Prior to the final, Celtic, winning 2-1 at the interval, were beaten 4-2 at Crewe Alexandra. There was, again, praise for the half-back line up ‘which has been one of the strongest and most consistent departments in the team since Whalley was brought into the side.’

The Ashton Challenge Cup kicked off at 6.45 on Friday 11 May. Hyde had won the trophy in the previous three seasons and started the match as slight favourites. 

The crowd was a large one but they saw a poor game in which Hyde just squeezed home by two goals to one with Keers at outside left, who had earlier scored the equalising goal, netting the winner on the 84th minute. Whilst Whalley was good in defence he was rarely able to get forward to shine in attack. When the Hyde captain, Dennis Izon, was presented with the cup, there were large cheers and scenes of great enthusiasm amongst the Hyde players and their supporters.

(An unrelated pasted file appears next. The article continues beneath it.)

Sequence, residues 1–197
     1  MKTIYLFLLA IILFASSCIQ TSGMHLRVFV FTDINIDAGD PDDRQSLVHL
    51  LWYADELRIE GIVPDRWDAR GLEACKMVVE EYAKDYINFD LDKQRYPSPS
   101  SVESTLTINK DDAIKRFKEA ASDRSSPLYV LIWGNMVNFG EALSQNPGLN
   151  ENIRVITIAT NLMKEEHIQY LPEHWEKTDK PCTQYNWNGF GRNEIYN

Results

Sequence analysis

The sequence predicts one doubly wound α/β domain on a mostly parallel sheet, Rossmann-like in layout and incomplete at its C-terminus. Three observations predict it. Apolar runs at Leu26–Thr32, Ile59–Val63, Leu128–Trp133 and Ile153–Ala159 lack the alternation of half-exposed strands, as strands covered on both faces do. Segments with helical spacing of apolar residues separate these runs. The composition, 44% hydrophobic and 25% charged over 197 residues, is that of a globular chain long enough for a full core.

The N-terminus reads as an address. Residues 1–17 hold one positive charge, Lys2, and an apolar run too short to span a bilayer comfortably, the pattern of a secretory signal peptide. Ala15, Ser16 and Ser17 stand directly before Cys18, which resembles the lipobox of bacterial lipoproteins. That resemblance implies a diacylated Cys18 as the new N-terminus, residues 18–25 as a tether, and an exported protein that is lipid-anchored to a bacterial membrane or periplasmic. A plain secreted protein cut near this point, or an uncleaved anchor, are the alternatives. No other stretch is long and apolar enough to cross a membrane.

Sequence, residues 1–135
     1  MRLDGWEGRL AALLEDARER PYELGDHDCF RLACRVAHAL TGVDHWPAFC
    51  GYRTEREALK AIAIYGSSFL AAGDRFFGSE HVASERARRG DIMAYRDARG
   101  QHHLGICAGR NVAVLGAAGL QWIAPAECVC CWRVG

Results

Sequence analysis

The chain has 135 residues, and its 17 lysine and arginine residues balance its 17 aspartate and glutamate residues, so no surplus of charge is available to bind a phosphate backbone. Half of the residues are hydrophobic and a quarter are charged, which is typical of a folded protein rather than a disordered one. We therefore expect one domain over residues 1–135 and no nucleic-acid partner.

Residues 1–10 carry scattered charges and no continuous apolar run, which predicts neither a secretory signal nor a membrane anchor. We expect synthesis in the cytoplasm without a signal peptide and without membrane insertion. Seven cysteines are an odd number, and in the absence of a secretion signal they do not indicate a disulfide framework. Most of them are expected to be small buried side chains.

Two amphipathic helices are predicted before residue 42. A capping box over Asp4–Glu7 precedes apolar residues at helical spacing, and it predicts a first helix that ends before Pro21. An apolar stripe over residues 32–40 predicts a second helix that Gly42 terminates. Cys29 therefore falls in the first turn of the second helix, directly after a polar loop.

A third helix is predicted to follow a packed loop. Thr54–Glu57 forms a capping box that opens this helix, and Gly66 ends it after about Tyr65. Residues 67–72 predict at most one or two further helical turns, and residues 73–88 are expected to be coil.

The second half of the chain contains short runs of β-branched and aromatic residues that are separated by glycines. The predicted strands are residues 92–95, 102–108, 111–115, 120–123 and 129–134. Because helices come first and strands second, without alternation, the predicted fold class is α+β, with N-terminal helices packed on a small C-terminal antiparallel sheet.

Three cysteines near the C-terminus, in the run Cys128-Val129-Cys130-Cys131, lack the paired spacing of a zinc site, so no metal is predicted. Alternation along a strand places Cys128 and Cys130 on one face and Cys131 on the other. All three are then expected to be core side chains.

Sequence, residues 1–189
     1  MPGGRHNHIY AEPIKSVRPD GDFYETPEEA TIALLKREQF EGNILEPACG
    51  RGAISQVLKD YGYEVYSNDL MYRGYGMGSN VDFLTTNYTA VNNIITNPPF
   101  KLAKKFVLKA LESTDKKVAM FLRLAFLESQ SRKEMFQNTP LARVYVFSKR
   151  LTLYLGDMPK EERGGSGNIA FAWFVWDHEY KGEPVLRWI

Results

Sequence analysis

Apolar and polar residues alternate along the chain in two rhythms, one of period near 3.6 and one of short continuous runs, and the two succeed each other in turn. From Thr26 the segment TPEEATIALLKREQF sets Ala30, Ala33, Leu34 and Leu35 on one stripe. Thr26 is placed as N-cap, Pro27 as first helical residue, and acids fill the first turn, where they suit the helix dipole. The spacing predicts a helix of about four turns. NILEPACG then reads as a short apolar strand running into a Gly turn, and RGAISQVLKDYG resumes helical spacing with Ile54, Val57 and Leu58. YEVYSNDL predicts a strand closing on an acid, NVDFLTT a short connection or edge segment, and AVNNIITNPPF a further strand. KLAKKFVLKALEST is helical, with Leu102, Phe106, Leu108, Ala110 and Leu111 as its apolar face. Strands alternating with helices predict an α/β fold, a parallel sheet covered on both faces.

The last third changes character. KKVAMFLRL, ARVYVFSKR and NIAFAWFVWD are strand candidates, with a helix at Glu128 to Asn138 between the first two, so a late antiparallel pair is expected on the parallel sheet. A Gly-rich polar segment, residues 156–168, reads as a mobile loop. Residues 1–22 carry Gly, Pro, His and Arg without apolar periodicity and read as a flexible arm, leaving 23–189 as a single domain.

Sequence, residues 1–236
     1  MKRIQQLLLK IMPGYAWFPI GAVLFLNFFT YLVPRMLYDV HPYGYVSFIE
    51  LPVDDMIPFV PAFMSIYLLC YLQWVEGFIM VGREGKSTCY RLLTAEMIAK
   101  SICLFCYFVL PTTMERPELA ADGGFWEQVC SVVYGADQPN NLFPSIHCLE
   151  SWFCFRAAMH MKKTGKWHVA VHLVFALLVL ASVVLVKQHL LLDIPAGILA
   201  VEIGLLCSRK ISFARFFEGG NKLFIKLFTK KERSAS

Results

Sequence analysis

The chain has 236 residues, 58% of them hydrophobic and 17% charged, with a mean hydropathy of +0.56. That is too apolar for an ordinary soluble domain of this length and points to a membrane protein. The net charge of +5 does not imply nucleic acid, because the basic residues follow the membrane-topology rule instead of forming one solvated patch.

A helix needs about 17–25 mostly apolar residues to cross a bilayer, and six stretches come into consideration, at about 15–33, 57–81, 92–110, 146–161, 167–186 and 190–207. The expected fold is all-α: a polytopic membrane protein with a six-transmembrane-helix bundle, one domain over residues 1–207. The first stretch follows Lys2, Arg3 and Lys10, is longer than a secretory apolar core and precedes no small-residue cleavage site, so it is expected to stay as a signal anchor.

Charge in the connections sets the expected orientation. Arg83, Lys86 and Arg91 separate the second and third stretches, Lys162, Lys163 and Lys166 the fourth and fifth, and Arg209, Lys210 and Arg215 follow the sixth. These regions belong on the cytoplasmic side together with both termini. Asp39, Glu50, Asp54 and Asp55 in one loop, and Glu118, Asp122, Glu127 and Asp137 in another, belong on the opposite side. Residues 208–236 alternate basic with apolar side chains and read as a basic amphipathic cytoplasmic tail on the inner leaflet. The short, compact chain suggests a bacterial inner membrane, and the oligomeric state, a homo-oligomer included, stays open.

The Reporter of May 12, 1934 that ‘Whalley, who had played as an amateur for most of the season… before signing as a professional for Celtic several weeks ago… signed professional forms for Manchester United on Monday,’ which would be 7 May. 

Whalley, aged 20, 5’ 10” tall and weighing 11st 7llbs, had joined Celtic at the start of the 1933-34 season but after only playing a few reserve games he left to join Ferguson Pailin’s team, where he was employed. 

When he returned to Celtic reserves he was then also signed for Stockport County as an amateur. This resulted in the Cheshire League passing a resolution barring any player from the league playing with the reserves in another League. Whalley was allowed to remain at Celtic and his break came when Bliss, Celtic’s centre-half, was injured and when the reserve player stepped up a level he was an immediate success.